Darcy nodded. “It starts tonight.”

Katy didn’t seem to like the idea. “A party tonight?”

“More than a party. A three-day celebration. There’ll be hunting and a picnic and lavish dinners. And I’m going to sing my new song.”

“A three-day celebration starting tonight and he hasn’t invited anyone until now?”

Darcy rolled her eyes. “Everyone knows about it but you. And Megan, of course, because she just got here. It’s a surprise in honor of Beau’s christening.”

Speechless, Katy stared at her sister.

It wasn’t the reaction Darcy had been expecting. She launched into a defensive tirade.

“Philippe has spent months fixing his place up. It’s the first social event at the Castle Rosa since his father died, and he’s hosting it all by himself. Everyone’s going. The Queen Mother, All the advisors. Even the stuffy old Lord Sebastian. Megan’s invited, too, of course.”

Katy shot Megan an uncomfortable glance. “I don’t think Megan feels up to it. Do you, Meg?”

But Megan couldn’t answer.

She was barely been listening to the squabbling sisters now. Her mind was focused on the Count with the cute dimples and devilish eyes. She remembered him now. He’d been at Katy’s wedding. She vaguely recalled a suave young man in a tuxedo with dark curly hair with tinted ends. A flamboyant man whom Darcy had run off with.

Much to Katy’s disapproval.

Darcy raised her hands in frustration. “Don’t be silly, Katy. Everyone’s invited. Besides, Philippe is just the person to cheer Megan up.” She smiled slyly.

Megan felt Katy stiffened with anger. “Are we talking about the same person? Darcy, do you really want Megan to meet Philippe? Now?”

Darcy looked at Megan, then back at Katy. “But she already met him at your wedding. You remember him now, don’t you, Meg? Count Philippe de BelleBourge?”

The picture in Megan’s mind was getting clearer. Now she could see the tall, dashing figure of the man with green eyes. She remembered his wicked, playful grin.

“I think so,” she murmured.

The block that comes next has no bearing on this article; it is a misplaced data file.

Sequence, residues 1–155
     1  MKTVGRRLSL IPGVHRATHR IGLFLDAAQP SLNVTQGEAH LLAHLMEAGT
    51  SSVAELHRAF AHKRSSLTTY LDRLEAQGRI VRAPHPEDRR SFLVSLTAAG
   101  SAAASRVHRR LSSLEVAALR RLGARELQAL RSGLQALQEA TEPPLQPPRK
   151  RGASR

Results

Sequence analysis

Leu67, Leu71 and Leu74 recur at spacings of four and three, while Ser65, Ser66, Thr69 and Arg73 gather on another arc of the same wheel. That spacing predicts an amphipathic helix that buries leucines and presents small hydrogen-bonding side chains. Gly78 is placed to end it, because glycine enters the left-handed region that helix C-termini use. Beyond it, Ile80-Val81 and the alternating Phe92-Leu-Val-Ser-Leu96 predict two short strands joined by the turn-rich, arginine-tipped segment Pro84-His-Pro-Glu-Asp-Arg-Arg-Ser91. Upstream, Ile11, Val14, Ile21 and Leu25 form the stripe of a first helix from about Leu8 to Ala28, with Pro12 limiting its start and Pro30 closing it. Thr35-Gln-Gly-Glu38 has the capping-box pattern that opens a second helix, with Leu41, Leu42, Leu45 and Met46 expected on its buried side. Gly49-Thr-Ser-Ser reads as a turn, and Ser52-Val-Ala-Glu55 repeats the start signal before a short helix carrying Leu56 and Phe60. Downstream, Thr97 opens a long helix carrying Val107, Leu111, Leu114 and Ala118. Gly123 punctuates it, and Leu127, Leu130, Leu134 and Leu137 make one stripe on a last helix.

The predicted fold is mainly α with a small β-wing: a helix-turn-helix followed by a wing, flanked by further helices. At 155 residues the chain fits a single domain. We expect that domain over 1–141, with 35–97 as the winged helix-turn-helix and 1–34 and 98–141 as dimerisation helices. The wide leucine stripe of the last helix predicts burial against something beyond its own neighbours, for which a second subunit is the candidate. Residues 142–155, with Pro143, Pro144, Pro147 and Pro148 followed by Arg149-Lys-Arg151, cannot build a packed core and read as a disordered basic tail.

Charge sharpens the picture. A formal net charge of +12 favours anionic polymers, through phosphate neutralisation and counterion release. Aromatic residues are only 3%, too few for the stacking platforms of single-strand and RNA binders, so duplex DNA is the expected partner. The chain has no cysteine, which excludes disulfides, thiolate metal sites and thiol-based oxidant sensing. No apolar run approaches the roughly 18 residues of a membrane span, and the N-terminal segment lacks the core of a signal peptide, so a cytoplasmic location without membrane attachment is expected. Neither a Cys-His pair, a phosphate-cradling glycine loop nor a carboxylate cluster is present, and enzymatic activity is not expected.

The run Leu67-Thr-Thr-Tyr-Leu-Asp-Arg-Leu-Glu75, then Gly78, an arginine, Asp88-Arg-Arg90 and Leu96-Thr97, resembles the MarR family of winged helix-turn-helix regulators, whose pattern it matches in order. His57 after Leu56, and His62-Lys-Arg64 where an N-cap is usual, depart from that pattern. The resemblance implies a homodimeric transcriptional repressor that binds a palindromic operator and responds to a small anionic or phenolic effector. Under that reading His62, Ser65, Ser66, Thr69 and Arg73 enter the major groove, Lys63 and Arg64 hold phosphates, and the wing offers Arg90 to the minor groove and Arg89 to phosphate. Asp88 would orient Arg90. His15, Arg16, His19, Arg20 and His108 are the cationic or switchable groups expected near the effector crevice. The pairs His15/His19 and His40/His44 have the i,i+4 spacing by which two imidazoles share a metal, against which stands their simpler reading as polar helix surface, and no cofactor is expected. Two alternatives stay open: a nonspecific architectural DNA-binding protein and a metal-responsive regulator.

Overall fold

Beside her, Katy stiffened. “Darcy. This is very bad timing. You know how difficult it’s been for Megan lately.”

“That’s why this party will cheer her up,” Darcy insisted.

Katy got to her feet. “You intend to cheer her up with the likes of Philippe de BelleBourge? The most notorious playboy on the continent? The man who’s broken every heart from the Mediterranean to the North Sea?”

“You’re exaggerating,” Darcy scoffed.

Megan blinked. Oh, yes. “Now I remember him.”

The man had caused a real stir among the guests when he’d run off with Darcy at Katy’s wedding reception. She recalled the gossip she’d heard about him that night.

He had the reputation of a devil.

Suddenly her mind filled with the image of the audacious man in the elegant black tuxedo. He had looks that took your breath away. Megan recalled Katy had disliked the Count since she’d first met him.

That night at the reception, Megan had been inclined to agree with her.

Darcy stood up and straightened her shoulders. “You’ve never understood Philippe, Katy. He’s my friend. He and Leopold are cousins and have been best friends since boyhood. And Philippe has changed his ways. He’s settling down and trying to run the estate his father left him. He’s giving this party in Beau’s honor to try to make amends.”

“I don’t care what he’s doing,” Katy snapped.

Darcy’s voice became a plea. “You can’t ruin it for him. Or for Julio.”

Katy gritted her teeth, her love for her husband getting the better of her. “I may have to attend Philippe’s party with Julio for protocol’s sake, but I refuse to let Megan go.”

“Katy, you’re being impossible.”

Megan rose as well and calmly raised her chin. “She’s right, Katy.”

Katy spun around, eyes glowing. “What?”

“Staying away from a celebration because of the host’s reputation would be cowardly.” Even if the Count’s reputation made Tom and his philandering look like a Boy Scout. “Besides I came to Prasala to forget my old life. A party is the perfect opportunity to do that.”

Katy’s mouth opened. “But Megan—”

Megan laughed. “This Count may have bedazzled every woman in Europe, but I’m certainly not going to fall for his charms after what I’ve been through.”

He’d be lucky if she didn’t scratch his eyes out. No, she would be civil. She was well trained in behaving in public no matter how she felt on the inside.

She turned to Darcy with the poise of a politician’s wife. “Tell Count de BelleBourge that we’ll be glad to come to his party.”

Triumphantly, Darcy grinned and stretched out a hand. “Come on, Meg. Let’s find you something cool to wear. We have to be there in a few hours.”

Leaving Katy to fume in the nursery, Megan followed Darcy out the door and down the castle hall.